Blurring the Boundaries of Form and Function at Allan Stone Projects
What is art? While this may seem like a simple question, thinkers and artists have been positing and arguing about different definitions for decades. One such answer that has been put forward is that what distinguishes a work of art from other objects is its inherent non-functionality. Art is meant to be seen, considered, enjoyed, but not used. Keenly aware of this and other claims about art, many modern and contemporary artists have set out to do what they do best: complicate the question and question its answers. With its current exhibition, “Dis-Functional,” Allan Stone Projects brings together a selection of works by lauded artists who blur the boundary between art and utilitarian objects, throwing notions about what a work of art is delightfully out of whack.
Take William Umbreit’s Clam Rake (1974) and Pitchfork (c. 1977), for example. The rake looms absurdly large in a corner, its handle curving gracefully upwards, almost reaching the ceiling, its sinuous line interrupted by a bulge whose shape is suggestive of the clams this tool cannot be used to uncover. While the pitchfork’s smaller scale makes it seem more manageable, one of its three slender tines bends downward to encircle the handle in a serpentine coil. If Umbreit manipulates functional objects to turn them into works of art, Arman and Dan Basen encase them, cutting them off from use. In an untitled wall piece, Arman suspends hundreds of bits of hardware in resin to create an abstract composition, while Basen encloses a small heap of them inside a metallic box, with windows cut into its front for our viewing pleasure. Screws, gears, and other such parts have never looked so lovely.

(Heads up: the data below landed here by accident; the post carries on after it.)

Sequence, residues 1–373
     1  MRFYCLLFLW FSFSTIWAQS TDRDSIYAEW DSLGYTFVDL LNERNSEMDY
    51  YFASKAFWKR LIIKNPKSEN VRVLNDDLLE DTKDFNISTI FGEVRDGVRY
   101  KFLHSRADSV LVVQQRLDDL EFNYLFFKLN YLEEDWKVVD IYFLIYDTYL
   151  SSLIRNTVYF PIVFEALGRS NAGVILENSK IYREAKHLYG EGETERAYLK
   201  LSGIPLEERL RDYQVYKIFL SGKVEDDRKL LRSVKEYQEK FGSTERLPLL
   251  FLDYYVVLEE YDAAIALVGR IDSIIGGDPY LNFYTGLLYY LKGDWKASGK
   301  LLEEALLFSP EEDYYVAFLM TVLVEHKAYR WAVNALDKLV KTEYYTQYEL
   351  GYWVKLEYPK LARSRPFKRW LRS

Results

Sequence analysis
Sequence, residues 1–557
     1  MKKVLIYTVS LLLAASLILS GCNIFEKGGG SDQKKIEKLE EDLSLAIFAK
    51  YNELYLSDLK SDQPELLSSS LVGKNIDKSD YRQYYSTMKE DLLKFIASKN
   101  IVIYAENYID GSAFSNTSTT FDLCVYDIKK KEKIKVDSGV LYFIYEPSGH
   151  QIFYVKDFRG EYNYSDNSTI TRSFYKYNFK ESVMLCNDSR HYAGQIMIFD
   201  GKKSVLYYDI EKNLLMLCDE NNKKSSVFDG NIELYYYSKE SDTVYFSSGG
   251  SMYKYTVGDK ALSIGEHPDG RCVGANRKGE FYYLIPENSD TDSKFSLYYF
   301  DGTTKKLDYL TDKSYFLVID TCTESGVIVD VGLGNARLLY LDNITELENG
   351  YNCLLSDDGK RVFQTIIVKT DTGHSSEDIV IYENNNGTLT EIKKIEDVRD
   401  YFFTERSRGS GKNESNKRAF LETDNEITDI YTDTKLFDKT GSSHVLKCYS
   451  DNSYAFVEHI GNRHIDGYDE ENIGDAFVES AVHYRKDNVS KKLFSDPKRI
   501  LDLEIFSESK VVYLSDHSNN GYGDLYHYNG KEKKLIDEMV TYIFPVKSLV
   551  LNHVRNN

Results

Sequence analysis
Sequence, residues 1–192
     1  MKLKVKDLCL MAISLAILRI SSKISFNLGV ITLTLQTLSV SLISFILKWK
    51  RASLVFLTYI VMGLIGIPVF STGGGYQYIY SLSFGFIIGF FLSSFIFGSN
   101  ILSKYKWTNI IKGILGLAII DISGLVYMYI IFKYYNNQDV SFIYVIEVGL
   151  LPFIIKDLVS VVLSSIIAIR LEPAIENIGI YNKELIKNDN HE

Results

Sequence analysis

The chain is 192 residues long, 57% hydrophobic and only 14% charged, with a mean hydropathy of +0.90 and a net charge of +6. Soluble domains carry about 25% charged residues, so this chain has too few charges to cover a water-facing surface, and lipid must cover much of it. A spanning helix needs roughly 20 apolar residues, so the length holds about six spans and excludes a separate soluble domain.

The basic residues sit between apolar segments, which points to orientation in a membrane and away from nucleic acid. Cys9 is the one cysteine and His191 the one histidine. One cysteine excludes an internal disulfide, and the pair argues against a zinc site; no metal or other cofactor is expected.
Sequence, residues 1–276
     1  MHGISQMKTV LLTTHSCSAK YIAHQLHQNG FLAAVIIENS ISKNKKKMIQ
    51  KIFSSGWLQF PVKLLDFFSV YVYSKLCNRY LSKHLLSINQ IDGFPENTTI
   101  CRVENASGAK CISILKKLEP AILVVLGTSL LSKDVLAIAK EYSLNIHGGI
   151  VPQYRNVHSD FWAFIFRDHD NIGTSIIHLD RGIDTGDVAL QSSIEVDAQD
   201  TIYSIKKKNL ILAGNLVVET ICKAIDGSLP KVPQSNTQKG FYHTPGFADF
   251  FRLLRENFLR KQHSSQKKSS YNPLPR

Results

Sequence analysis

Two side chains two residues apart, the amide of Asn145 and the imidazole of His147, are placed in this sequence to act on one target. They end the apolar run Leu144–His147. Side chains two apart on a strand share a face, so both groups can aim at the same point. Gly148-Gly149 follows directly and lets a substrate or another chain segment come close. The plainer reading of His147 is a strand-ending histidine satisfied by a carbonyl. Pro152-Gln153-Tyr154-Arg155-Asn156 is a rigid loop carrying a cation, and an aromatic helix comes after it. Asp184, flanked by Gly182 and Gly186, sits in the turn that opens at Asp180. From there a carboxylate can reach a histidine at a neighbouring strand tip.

There is a healthy dose of trompe l’oeil trickery here too, with Richard Haden’s Tar (mid-1980s) and Derrick Guild’s Untitled (1997). Haden presents what appears to be a rusted-shut can of tar, but is, in fact, a replica cleverly crafted out of painted wood. Guild’s stretched and primed canvas seems ready for painting, until closer inspection reveals it to be a convincing ceramic facsimile. Robert Arneson, on the other hand, isn’t fooling anybody. This famously witty ceramist is represented by A Teapot? (1969), a sculpture, as its title indicates, of a teapot, albeit a questionable one. With its unwieldy body and flaccid spout, it stands, like all of the works on view, somewhere between the realms of art and functionality.
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